Jon Huntsman: Moderate Who’s Really Conservative?
That a popular two-term governor of Utah is being rejected by likely Republican primary voters as insufficiently conservative shows just how extreme American politics has gotten.
That a popular two-term governor of Utah is being rejected by likely Republican primary voters as insufficiently conservative shows just how extreme American politics has gotten. Suddenly, the light bulb seems to be going on.
TPM’s Josh Marshall got to question Huntsman yesterday and came off impressed. And somewhat surprised:
Huntsman is only a moderate relative to the extreme right-wing turn of the current Republican party. And this is not a high bar. His views on economic policy are firmly to the right, just not nuts. He made a point of noting that he was the only candidate in the Iowa debate who was flatly against default. (“That’s not in the real world.”) But his basic diagnosis of our economic crisis is that regulatory overreach and ‘Obamacare’ have created ‘uncertainty’ that is keeping job creators on the sidelines. And that seems like a diagnosis and prescription at odds with almost all the available evidence.
He skirted the issue of taxes by saying he’s for revenue neutral tax reform — closing loopholes, lowering rates etc. The implicit message seemed to be: I’m not some hidebound Norquist type who’s not going to let any tax go up or any loophole get closed. Sort of gave him a little wiggle room. But still, no net new revenues.
He pointed to tax reform in his home state which he proudly noted the CATO Institute says is the best tax regime in the country. Again, not particularly moderate in my book.
One thing that really stuck out at me. Huntsman said he supports getting rid of the home mortgage interest deduction in its entirety. Really not sure how that plays in a general election or frankly in any election since it amounts to a really big tax hike for basically everybody and hits middle income voters particularly hard. If by some weird chance he’s the nominee, you’ll hear about that a lot.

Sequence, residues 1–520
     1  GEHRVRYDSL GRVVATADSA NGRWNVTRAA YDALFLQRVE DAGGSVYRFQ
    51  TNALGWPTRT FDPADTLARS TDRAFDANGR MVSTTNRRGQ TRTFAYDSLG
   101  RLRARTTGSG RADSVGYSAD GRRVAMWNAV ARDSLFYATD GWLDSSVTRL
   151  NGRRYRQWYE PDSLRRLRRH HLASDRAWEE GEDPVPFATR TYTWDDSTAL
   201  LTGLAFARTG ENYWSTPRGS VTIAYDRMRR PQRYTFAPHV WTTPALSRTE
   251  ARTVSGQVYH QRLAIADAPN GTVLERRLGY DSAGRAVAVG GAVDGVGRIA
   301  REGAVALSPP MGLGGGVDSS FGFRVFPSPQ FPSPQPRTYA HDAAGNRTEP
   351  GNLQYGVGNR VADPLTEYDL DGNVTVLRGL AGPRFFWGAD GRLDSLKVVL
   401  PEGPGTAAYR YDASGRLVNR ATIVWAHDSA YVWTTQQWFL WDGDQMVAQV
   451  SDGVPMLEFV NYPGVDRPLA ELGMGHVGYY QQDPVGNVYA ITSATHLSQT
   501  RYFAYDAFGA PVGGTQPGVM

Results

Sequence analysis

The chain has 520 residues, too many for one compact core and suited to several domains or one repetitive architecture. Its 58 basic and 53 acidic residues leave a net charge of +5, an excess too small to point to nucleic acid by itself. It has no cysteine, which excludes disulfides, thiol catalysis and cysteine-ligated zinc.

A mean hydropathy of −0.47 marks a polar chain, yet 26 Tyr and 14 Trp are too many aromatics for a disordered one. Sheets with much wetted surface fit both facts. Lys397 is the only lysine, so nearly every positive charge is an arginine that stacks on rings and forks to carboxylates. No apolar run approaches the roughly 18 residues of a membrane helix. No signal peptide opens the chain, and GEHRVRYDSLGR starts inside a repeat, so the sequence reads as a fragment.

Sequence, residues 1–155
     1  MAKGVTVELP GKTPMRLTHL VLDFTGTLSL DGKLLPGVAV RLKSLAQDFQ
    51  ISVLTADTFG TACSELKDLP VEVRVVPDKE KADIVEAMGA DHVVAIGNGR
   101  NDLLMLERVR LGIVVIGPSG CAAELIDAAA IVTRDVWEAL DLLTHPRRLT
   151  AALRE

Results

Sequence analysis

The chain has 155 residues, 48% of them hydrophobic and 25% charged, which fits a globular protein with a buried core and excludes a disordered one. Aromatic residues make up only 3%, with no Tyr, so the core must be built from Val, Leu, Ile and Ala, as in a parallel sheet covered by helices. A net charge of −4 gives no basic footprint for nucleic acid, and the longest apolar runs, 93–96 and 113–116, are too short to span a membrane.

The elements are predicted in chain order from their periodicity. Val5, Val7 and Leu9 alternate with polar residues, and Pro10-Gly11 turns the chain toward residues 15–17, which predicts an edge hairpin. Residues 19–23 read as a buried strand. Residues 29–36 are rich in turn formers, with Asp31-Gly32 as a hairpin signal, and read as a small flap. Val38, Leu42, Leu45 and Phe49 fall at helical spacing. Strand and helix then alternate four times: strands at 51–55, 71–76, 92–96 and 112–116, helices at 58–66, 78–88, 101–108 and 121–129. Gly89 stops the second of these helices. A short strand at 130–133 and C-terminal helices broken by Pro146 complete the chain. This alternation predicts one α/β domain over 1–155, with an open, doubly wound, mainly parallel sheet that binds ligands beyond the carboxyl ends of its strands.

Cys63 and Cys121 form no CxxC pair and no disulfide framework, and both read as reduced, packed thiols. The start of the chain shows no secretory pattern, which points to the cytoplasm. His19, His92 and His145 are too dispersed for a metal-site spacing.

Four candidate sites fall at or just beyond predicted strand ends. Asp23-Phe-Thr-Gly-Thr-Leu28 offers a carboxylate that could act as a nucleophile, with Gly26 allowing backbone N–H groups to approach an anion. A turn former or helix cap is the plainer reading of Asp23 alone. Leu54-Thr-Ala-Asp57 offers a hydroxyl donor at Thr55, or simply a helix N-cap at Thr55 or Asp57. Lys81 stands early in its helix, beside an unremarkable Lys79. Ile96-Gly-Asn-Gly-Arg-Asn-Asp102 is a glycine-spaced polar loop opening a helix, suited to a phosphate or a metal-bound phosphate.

The foreign policy is foreign involvement minimalism. He put himself to the left of Obama and Bush on Afghanistan, would like to get out sooner, etc. The general pitch was that pretty much all of our robust deployments in the Arab world and even legacy deployments in Europe are a distraction from the true challenges facing the country.
A piece in The American Conservative titled “Jon Huntsman, the No-Drama Conservative” sets the tone with its subtitle: The former Utah governor speaks like a diplomat, but he’s no moderate.
Huntsman had made no dent in the polls since his launch in June. Instead, the avalanche of prestige media mash-notes to his campaign had the effect of raising expectations ridiculously high and smothering him with the labels “soft” and “moderate” in an era when Tea-caffeinated primary voters are looking for “hard” and “right.” The hastily constructed campaign—largely built while the candidate was still serving as Obama’s ambassador to China—was subject to infighting and leaked acrimony that would outlast July’s reorganization. Huntsman was sinking almost as fast as Tim Pawlenty, his name recognition barely above Buddy Roemer’s.
But this rickety launch obscured more than it revealed. Huntsman may be uncomfortable in the ideological sweathouse that is the conservative movement. He may be diplomatic when the right is dyspeptic. But his candidacy offers conservatives two very tantalizing possibilities: a break with the Bush legacy on foreign policy and the chance to move their policy prescriptions off the Tea Party’s placards and into the center of our political debate. Huntsman’s record shows that conservative politics can triumph not just through conflict but also by concord.
Governor Huntsman allowed local officials to set their own policies, even when he wasn’t sure about them, and worked to impose his statewide agenda by diligently building consensus. “He worked well with our speaker and senate president and gave them a lot of autonomy,” recalls Hughes, “There are some things he got me to bend on that I joked later it was like a Jedi-mind trick.”
“I think it was through actual legislative victories that members of the legislature looked at us and thought, he is actually getting stuff done,” Huntsman says. His approval ratings got as high as 90 percent at several points during his years as governor. Initial reservations about him melted, and his legislation began passing with massive majorities. His gigantic tax-reform package sailed through both houses of the legislature unanimously.
“I have an easy rule of thumb,” says Hughes summing up his feelings on Huntsman. “If someone walks into the room and you cut $400 million in taxes and do school reform with him, you vote for him for president.” He turns fiercely protective of Huntsman’s credentials whenever a conservative outside Utah uses the word “moderate” to describe him.